I completely agree with Castlemaid's comment " A six month old does not get to decide who is allowed in the house and who isn't, Schutzhund training or not. Your dog should be deferring to your in these matters, and you need to up your control of the situation."...my quick version of that is " you're the sheriff ".

Company versus "strangers" appearing at my doorstep are two completely different events....my dog knows the difference...most likely because the dog is keying on me and my behavior. Once again, Castlemaid makes a valid point ..." Being out loose with company is a privilege he needs to earn. I wouldn't worry about correcting the barking - dogs quickly figure out in what situation barking is okay (SchH training), and when it is not (having company over)."

SuperG
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post #4 of 6 (permalink) Old 12-26-2014, 01:18 PM
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I have a question, which I hope is not too far off the thread topic. I think the down-stay is a great thing, but how do you achieve that? My pup is 8 months old, does a nice sit, down, etc., but how do you teach the stay?
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post #5 of 6 (permalink) Old 12-26-2014, 03:01 PM
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I'm betting some people much smarter than me can give you good advice.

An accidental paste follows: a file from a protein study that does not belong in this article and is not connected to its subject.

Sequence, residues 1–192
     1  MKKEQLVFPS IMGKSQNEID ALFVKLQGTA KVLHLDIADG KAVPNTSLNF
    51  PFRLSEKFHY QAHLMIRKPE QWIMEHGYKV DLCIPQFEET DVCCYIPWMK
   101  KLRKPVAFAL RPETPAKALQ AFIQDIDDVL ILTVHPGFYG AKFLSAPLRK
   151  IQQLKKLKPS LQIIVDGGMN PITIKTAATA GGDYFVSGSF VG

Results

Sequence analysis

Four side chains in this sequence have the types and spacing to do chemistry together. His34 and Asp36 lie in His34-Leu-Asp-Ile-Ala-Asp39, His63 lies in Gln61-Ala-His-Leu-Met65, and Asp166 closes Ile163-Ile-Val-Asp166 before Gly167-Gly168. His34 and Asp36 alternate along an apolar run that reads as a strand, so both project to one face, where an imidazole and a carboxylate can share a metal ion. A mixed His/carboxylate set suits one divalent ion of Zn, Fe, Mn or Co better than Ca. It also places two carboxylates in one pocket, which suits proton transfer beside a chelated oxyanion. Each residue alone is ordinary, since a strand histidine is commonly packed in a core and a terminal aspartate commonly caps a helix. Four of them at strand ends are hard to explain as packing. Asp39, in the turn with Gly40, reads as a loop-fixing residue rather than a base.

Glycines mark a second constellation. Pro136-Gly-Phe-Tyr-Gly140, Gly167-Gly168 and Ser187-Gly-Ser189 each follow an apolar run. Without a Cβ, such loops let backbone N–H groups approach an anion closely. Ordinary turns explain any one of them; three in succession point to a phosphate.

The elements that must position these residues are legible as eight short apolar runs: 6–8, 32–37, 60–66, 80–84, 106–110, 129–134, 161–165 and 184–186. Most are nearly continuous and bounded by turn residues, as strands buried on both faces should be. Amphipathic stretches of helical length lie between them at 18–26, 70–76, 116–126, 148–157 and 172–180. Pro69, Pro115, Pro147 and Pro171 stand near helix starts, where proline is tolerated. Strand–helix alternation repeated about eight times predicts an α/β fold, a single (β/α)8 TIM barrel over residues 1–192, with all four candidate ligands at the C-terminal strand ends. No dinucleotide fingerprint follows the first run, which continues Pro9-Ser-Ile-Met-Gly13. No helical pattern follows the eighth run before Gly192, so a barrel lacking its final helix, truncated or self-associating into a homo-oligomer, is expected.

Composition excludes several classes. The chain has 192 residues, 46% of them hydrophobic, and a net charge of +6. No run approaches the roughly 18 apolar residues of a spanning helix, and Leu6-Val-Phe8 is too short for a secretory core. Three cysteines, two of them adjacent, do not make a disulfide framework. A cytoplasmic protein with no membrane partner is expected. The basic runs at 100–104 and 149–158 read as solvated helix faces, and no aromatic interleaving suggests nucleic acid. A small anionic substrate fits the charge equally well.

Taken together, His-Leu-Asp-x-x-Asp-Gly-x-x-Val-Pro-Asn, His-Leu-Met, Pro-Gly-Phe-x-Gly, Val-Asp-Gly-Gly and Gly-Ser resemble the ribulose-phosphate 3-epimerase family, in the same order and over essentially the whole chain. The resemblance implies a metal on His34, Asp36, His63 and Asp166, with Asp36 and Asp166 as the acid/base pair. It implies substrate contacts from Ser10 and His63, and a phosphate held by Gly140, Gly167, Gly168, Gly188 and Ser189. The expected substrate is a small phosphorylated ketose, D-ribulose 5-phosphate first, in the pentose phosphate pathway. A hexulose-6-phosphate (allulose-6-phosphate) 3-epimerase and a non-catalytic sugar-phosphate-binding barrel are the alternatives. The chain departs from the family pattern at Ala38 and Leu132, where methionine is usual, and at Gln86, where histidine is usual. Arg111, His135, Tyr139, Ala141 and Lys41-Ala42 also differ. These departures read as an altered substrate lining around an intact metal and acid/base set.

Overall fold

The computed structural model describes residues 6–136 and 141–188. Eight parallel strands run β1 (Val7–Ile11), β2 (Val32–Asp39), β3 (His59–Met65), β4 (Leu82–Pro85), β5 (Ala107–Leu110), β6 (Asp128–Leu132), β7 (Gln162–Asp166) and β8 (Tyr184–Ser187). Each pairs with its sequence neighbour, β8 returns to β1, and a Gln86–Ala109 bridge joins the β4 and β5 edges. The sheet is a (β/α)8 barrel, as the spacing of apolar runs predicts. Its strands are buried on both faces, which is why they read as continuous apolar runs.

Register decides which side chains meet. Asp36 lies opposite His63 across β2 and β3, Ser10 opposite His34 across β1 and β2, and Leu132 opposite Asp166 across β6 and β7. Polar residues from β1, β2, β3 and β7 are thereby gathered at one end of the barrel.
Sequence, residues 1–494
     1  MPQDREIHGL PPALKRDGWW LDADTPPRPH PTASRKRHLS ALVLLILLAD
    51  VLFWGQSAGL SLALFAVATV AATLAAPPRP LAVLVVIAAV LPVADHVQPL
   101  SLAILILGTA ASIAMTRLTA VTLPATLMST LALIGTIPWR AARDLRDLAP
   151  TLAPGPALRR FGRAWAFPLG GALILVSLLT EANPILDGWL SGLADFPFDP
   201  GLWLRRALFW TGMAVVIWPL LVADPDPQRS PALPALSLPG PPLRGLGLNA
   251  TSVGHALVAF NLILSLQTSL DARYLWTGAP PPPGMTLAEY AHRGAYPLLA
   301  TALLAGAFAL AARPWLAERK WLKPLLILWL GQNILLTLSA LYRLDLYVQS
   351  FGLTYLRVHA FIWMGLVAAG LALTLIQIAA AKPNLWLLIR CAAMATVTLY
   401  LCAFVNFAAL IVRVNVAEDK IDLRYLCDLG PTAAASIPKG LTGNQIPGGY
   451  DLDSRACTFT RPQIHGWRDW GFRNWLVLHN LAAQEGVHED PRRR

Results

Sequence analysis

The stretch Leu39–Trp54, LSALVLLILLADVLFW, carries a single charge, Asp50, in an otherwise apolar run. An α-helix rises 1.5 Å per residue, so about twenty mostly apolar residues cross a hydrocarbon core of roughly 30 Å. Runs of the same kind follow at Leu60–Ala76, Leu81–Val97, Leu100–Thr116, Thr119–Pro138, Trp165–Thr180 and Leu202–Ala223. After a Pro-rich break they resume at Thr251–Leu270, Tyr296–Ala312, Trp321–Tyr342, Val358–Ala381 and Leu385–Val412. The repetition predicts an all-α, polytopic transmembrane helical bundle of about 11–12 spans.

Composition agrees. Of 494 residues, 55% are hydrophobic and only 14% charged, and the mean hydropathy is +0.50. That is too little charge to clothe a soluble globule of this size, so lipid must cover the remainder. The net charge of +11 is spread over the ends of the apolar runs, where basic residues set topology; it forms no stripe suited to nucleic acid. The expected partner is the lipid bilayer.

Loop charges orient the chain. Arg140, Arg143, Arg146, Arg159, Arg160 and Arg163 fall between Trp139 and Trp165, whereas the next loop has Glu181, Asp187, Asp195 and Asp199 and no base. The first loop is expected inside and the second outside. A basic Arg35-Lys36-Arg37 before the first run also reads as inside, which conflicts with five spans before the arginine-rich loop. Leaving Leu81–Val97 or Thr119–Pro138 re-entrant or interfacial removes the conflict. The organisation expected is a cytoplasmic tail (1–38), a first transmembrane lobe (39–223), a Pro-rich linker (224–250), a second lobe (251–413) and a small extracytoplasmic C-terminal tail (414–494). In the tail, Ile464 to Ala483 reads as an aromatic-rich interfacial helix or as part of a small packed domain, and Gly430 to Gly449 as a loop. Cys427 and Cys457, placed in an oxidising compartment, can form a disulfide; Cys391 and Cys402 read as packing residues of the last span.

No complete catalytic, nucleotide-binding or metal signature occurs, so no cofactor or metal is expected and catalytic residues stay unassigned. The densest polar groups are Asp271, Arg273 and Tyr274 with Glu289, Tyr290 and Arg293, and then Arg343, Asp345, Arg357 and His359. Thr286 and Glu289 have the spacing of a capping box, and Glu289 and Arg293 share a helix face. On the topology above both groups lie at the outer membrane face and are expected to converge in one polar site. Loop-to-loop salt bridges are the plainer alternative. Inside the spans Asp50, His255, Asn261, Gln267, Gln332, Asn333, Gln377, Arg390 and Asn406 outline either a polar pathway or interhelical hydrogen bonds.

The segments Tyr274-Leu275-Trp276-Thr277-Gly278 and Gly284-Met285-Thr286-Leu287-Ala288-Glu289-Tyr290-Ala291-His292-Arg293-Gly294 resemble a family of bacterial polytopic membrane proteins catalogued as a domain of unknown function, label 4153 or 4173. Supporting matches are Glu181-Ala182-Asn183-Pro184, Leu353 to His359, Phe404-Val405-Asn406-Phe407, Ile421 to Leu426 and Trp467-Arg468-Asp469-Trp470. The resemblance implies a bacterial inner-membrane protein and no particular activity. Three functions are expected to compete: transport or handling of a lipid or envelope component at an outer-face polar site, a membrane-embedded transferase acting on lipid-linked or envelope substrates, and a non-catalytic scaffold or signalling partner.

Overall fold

I just proceeded from the down...once the dog was down..I introduced a verbal stay command coupled with my hand sideways in front of the pup's face...verbal command and hand signals can be of your choosing. If the dog stayed for the shortest of time, I would release the pup before she broke on her own and then reward...I didn't necessarily reward for the down portion just the "stay" portion. I would increase the duration slowly but surely and be aware of the slightest signal the pup might give which suggests they might break the stay.

As the pup learns..start to introduce taking a step or two away from the pup while they hold the stay....

I don't know if this is correct...but even at basic obedience they didn't distinguish between a "stay" and a "wait". A stay to me means...I will come back to the dog and release it...a wait means I can walk/run away and then recall the dog. Different hand signals for both commands.

If you are using treats to entice the pup in a down/stay..I might keep the treat lower so as not to induce the dog to stand up..make it as easy as possible for the pup to succeed.

Once my pup knew the basics of a down/stay I practiced it for longer and longer durations until the dog would stay put for 20 minutes or more...I might be out on the deck drinking a cold beer or two, enjoying the afternoon...and then on occasion flipping the pup a treat or two for it's proper performance.

Now that my dog is 2 and change...I believe she fully understands a down/stay is always rewarded at the end of the hold..whether it is a food bit or more likely some praise and physical contact.

SuperG
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post #6 of 6 (permalink) Old 12-26-2014, 10:50 PM Thread Starter
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Thank you so much for the advice! We will definitely have him in the crate next time and let him settle down before allowing him to come out, I also like the idea of having him on leash so we have better control over the situation. One minute he will be fine then something may set him off so we definitely need to work on the down stay as well. He does down stay at his classes/home/outdoors but we haven't tried it with guests in the home and need to work on the length of time he does it. Thanks again I really appreciate it!